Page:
For this year the CBC forecast 0.80 percent headline inflation and 1.04 percent core inflation, rising to 1.12 percent and 1.13 percent, respectively, in 2018.
       The exchange rate of Taiwan's dollar has been firming since early 2016 despite a setback in the second half of last year. Today TWD was trading at 30.2 to the U.S. dollar, up 7.3 percent this year.

     The Central Bank of the Republic of China (Taiwan) issued the following statement

     
 

"I.    Global economic and financial conditions
Since the Board met in late June this year, advanced economies and emerging market economies have both been recovering at a steady pace. International institutions have revised up global GDP growth forecasts for 2017 and expect the global economy to perform better next year than this year.
However, the US Fed is about to initiate the balance sheet normalization program, while the ECB may also review its asset purchase scheme. In addition, the US economic and trade policies, the rise in trade protectionism, and geopolitical tension will all add to the risk to the global economic and financial outlook.
II.    Domestic economic and financial conditions
1.  Since mid-2017, solid global economic growth has driven up exports. With regard to domestic demand, private consumption recorded limited growth, while declining capital equipment imports reflected the fact that firms were cautious about investment. The CBC forecasts that, in the second half of the year, Taiwan's economy will expand at an annual rate of 1.93%, slower than the first half year's 2.39%. For the year as a whole, the economic growth projection is 2.15%.
Export growth is likely to benefit from a firming global economy next year. Meanwhile, the government rolled out the ''Forward-Looking Infrastructure Development Program'' to help bolster domestic demand with infrastructure spending. As a result, the CBC forecasts the domestic economy to advance by 2.20% for 2018. Recently-announced pay rise for public sector employees next year may also encourage private enterprises to follow suit, contributing to higher private consumption. This may help the domestic economy to register stronger growth than projected. 
Labor market conditions improved further and employment increased continuously, with the services sector accounting for a larger increase than others. For the first seven months of the year, the unemployment rate averaged 3.76%, decreasing by 0.15 percentage points compared to the same period last year. 
2.  From June onwards, on account of the rebound in domestic food prices, the CPI annual growth rate displayed a mild uptrend and reached 0.96% in August. For the first eight months of the year, the CPI annual growth rate averaged 0.72%. Core inflation (excluding vegetables, fruit, and energy items) recorded an average annual growth rate of 0.97%, indicating mild price rises. The CBC forecasts CPI and core inflation for 2017 to rise 0.80% and 1.04% year on year, respectively.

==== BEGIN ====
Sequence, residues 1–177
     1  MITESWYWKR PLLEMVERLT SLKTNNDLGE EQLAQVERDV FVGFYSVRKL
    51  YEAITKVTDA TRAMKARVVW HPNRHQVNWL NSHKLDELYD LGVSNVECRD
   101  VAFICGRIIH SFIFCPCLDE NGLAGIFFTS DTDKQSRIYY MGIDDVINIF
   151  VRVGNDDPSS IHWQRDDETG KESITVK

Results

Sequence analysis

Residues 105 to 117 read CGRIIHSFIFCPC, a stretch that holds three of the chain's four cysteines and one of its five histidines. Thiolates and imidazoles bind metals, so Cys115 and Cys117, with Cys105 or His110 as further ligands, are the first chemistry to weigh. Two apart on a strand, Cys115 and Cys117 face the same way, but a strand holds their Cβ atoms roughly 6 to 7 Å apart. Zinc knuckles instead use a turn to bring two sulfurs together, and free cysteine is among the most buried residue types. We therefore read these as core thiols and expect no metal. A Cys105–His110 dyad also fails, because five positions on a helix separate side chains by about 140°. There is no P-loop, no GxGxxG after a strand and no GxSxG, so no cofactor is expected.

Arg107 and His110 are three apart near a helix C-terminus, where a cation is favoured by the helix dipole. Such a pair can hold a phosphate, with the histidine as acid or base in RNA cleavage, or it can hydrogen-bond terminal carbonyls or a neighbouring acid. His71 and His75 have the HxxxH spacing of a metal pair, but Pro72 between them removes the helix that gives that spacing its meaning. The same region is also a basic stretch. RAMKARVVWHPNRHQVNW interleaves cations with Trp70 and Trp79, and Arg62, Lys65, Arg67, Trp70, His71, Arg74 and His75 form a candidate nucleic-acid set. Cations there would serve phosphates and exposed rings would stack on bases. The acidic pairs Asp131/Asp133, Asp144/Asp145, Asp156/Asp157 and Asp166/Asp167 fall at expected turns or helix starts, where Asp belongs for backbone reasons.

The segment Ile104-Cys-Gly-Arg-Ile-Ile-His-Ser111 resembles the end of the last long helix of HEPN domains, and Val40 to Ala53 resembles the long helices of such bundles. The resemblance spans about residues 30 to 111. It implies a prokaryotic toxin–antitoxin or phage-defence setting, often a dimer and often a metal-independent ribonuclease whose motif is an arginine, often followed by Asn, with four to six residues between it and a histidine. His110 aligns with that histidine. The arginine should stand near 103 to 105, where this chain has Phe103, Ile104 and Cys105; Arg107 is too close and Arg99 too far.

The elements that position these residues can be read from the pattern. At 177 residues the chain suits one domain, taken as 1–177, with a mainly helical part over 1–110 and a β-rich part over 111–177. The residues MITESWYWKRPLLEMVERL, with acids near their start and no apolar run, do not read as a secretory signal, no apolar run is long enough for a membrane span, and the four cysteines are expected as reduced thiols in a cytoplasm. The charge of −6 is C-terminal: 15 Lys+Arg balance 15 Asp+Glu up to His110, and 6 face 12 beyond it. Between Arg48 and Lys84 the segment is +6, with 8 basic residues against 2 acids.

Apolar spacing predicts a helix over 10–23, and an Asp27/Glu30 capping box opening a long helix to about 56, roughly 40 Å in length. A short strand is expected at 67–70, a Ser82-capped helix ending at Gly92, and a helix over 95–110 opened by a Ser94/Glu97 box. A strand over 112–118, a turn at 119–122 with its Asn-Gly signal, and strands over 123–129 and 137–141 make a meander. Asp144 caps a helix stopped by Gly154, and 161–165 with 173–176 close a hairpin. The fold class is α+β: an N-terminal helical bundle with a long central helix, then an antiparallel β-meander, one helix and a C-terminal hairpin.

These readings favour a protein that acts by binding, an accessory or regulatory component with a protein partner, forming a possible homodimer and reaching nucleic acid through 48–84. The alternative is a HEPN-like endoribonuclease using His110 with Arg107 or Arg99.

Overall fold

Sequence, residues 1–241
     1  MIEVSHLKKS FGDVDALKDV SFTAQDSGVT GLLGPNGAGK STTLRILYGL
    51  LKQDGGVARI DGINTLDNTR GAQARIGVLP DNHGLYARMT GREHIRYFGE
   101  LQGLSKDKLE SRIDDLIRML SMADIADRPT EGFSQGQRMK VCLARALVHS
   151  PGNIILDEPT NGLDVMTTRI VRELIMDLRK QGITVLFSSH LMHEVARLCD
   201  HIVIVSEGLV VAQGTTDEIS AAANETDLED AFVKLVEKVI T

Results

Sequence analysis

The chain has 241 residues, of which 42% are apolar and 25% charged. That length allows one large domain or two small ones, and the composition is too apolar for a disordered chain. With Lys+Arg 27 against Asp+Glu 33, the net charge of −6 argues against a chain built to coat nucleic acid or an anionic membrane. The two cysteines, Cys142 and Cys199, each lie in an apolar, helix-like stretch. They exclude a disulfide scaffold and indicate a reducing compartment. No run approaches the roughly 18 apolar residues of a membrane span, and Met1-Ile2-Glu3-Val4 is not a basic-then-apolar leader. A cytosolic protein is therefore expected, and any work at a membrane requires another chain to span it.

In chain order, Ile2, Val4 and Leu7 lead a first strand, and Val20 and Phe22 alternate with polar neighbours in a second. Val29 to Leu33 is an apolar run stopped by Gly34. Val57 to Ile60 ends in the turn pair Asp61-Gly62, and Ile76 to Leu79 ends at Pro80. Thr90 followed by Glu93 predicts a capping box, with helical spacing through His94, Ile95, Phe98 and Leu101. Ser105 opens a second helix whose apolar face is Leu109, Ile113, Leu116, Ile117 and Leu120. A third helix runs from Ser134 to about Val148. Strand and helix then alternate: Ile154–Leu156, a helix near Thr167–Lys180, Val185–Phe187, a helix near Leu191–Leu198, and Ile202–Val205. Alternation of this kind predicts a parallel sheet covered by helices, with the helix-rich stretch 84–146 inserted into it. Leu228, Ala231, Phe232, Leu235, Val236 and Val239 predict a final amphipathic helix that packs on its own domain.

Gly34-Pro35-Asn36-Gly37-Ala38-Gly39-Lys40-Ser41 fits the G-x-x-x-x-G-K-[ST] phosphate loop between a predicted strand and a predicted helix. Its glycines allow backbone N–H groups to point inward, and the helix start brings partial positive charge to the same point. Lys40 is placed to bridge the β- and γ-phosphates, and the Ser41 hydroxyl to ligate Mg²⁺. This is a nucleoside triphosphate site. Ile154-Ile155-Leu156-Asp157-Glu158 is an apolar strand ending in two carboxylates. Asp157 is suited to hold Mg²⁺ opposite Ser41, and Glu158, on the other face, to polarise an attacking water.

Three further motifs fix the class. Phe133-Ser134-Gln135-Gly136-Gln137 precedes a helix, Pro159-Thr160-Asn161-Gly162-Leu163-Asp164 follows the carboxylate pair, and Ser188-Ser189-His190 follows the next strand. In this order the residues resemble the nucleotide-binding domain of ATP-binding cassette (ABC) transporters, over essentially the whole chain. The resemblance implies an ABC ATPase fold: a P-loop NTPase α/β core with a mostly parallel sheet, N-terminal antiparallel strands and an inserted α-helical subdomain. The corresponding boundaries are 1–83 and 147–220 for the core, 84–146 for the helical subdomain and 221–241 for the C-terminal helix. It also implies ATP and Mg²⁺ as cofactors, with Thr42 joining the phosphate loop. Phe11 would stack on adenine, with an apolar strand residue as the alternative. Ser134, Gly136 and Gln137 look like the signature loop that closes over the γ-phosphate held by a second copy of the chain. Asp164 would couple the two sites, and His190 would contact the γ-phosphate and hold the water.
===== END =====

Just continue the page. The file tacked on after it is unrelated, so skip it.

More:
Looking ahead to 2018, in the context of stabilizing international oil prices, subdued global inflation expectations, moderate domestic demand, and the output gap remaining negative, the CBC projects the annual growth rates of CPI and core CPI for 2018 to be 1.12% and 1.13%, respectively, reflecting a stable inflation outlook.
3.  The CBC has continued to conduct open market operations to manage market liquidity. In the months from June to August, banks' excess reserves remained well sufficient. For the first eight months of the year, M2 and bank loans and investments posted average annual growth rates of 3.71% and 4.68%, respectively. This suggests that domestic financial conditions have been adequately accommodative and there is ample market liquidity to support expansions in corporate and household spending.     
Since the Board last convened, the NT dollar has strengthened slightly against the US dollar, the interbank overnight call loan rates have held steady, and government bond yields have trended down. While many countries registered negative real interest rates, Taiwan has seen its real interest rate return to positive territory (see Appendices 1 and 2). 
III.    Interest rate decision 
In sum, uncertainties over the global economic outlook still weigh on external demand; domestic demand is mild, and economic growth, though projected to pick up at a moderate pace in the second half of this year and next year, would still run below potential. Meanwhile, the real interest rate has risen above zero, and both current inflation and inflation expectations stay anchored. Against this backdrop, the Board judged that a policy rate hold is conducive to financial stability and economic recovery.
The Board reached the following decision unanimously at the Meeting today:
The discount rate, the rate on accommodations with collateral, and the rate on accommodations without collateral are kept unchanged at 1.375%, 1.75%, and 3.625%, respectively.
The CBC will continue to closely monitor the latest developments in both actual and expected inflation, output gap, and other international and domestic economic and financial conditions. We will undertake appropriate monetary policy actions accordingly in an attempt to fulfill the central bank’s statutory mandate.